The heating system is a cold weather air source heat pump. Most of the cold weather versions are mini-splits, meaning there is the typical outdoor condensing unit with a wall or ceiling mounted fan unit inside. Not every room gets a heating head. These are a great systems, but I worry about maintaining comfort in rooms without a wall mounted fan unit, especially if a door is closed. Because of this, I chose a central ducted cold weather air source heat pump manufactured by Mitsubishi.
This is a PVA multi-position air handler heat pump with a two staged electric plenum heater supplying additional heat that may be needed during very cold weather. The heat pump is rated at 24,000 BTU and the electric plenum heater is a 8 KW unit. The SEER rating of the unit is 20.5, very efficient unit.
The outdoor piece of the air source heat pump. The unit is elevated. Notice the time of the year that it is being installed. lots of snow and ice on the ground. This becomes an issue later in the winter.
Because of how tightly constructed the home is, I knew balanced mechanical ventilation was very important to control the humidity levels during the winter months and also to supply the owners with fresh air. Minnesota also requires by code that all new homes have balanced mechanical ventilation. This was accomplished by this heat recovery ventilator (HRV). I know a lot of areas of the country install energy recovery ventilators (ERV), but HRV’s are usually installed in my climate. One of the big differences is an HRV will go into a defrost mode periodically to eliminate the frost that builds up on the inner heat exchanger core during cold weather, most of the winter. This water that accumulates after the defrost cycle is then discharged out the plastic tubes seen underneath the unit.
I was working at the home one day this winter during a very cold spell with windy conditions. I snapped this picture to show how much moisture can be present in a home during construction. This is the vent for the HRV unit before the unit was installed. The warmed, moist air is moving through the vent and has condensed on the siding.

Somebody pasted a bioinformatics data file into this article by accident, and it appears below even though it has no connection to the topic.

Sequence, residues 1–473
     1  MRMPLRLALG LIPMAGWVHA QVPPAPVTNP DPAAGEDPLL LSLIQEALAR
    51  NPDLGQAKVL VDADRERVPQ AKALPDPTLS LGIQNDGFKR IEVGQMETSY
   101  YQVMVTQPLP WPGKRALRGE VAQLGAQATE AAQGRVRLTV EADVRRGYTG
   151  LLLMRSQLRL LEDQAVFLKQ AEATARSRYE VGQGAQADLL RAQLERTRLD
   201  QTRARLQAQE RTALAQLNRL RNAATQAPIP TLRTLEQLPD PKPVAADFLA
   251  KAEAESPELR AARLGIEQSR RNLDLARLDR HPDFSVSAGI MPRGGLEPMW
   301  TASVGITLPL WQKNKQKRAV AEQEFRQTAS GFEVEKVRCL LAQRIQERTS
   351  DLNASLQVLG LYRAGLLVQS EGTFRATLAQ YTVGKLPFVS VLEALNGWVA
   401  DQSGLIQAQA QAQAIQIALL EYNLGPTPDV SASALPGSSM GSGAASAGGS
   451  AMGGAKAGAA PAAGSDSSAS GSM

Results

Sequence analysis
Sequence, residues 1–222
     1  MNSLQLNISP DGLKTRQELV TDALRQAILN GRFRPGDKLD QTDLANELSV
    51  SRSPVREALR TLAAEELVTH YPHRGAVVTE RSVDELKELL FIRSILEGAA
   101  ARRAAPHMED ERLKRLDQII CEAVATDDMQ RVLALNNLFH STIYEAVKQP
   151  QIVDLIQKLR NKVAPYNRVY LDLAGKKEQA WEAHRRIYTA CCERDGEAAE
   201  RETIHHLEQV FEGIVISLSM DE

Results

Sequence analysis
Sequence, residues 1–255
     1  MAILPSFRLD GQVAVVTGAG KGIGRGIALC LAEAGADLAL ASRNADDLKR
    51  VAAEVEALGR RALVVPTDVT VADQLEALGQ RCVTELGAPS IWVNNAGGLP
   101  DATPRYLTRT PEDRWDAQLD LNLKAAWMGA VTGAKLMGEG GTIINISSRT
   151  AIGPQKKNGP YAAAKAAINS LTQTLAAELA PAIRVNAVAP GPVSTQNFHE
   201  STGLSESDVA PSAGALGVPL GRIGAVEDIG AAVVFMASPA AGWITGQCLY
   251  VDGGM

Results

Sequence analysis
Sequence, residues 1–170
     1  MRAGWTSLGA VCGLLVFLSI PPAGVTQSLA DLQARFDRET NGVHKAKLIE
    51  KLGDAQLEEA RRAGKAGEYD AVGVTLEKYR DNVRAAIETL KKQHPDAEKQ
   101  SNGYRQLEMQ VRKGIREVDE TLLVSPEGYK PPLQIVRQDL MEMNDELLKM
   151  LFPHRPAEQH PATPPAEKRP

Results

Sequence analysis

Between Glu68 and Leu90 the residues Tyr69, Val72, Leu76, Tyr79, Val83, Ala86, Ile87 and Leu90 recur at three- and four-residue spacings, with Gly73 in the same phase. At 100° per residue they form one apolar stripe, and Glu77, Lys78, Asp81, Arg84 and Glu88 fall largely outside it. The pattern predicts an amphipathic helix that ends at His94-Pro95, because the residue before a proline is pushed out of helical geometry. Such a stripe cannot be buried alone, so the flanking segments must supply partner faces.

The homeowner requested a second source of heat to be used as a back-up. This property is very rural and can experience prolonged power outages. The homeowner originally wanted a wood burning appliance but the builder and myself were worried about combustion air and proper drafting in this tightly constructed home. We were able to talk him into a thermostatically controlled propane gas fireplace.
Though this isn’t a high efficiency unit, it’s ability to operate without power was the reason it was chosen. The fireplace’s heat output on high is twice what the home requires, but can be varied to a lower setting. This fireplace can quickly raise the temperature of the home, whereas the air source heat pump works much better at maintaining a temperature.
OK, now for the one problem we have encountered this winter. We have an icing issue under the outdoor condensing unit of the air source heat pump.
We are looking to make some modifications to the heat pump stand to elevate the unit a little more and final grading should also help. The unit became operational in early winter, after the ground had frozen and we had a couple feet of snow on the ground, none of which helped the icing issue. Something else to monitor in the coming years.
The energy tracking of the heating equipment has yet to be set up. I will be writing a future post as soon as I have this data. Stay tuned.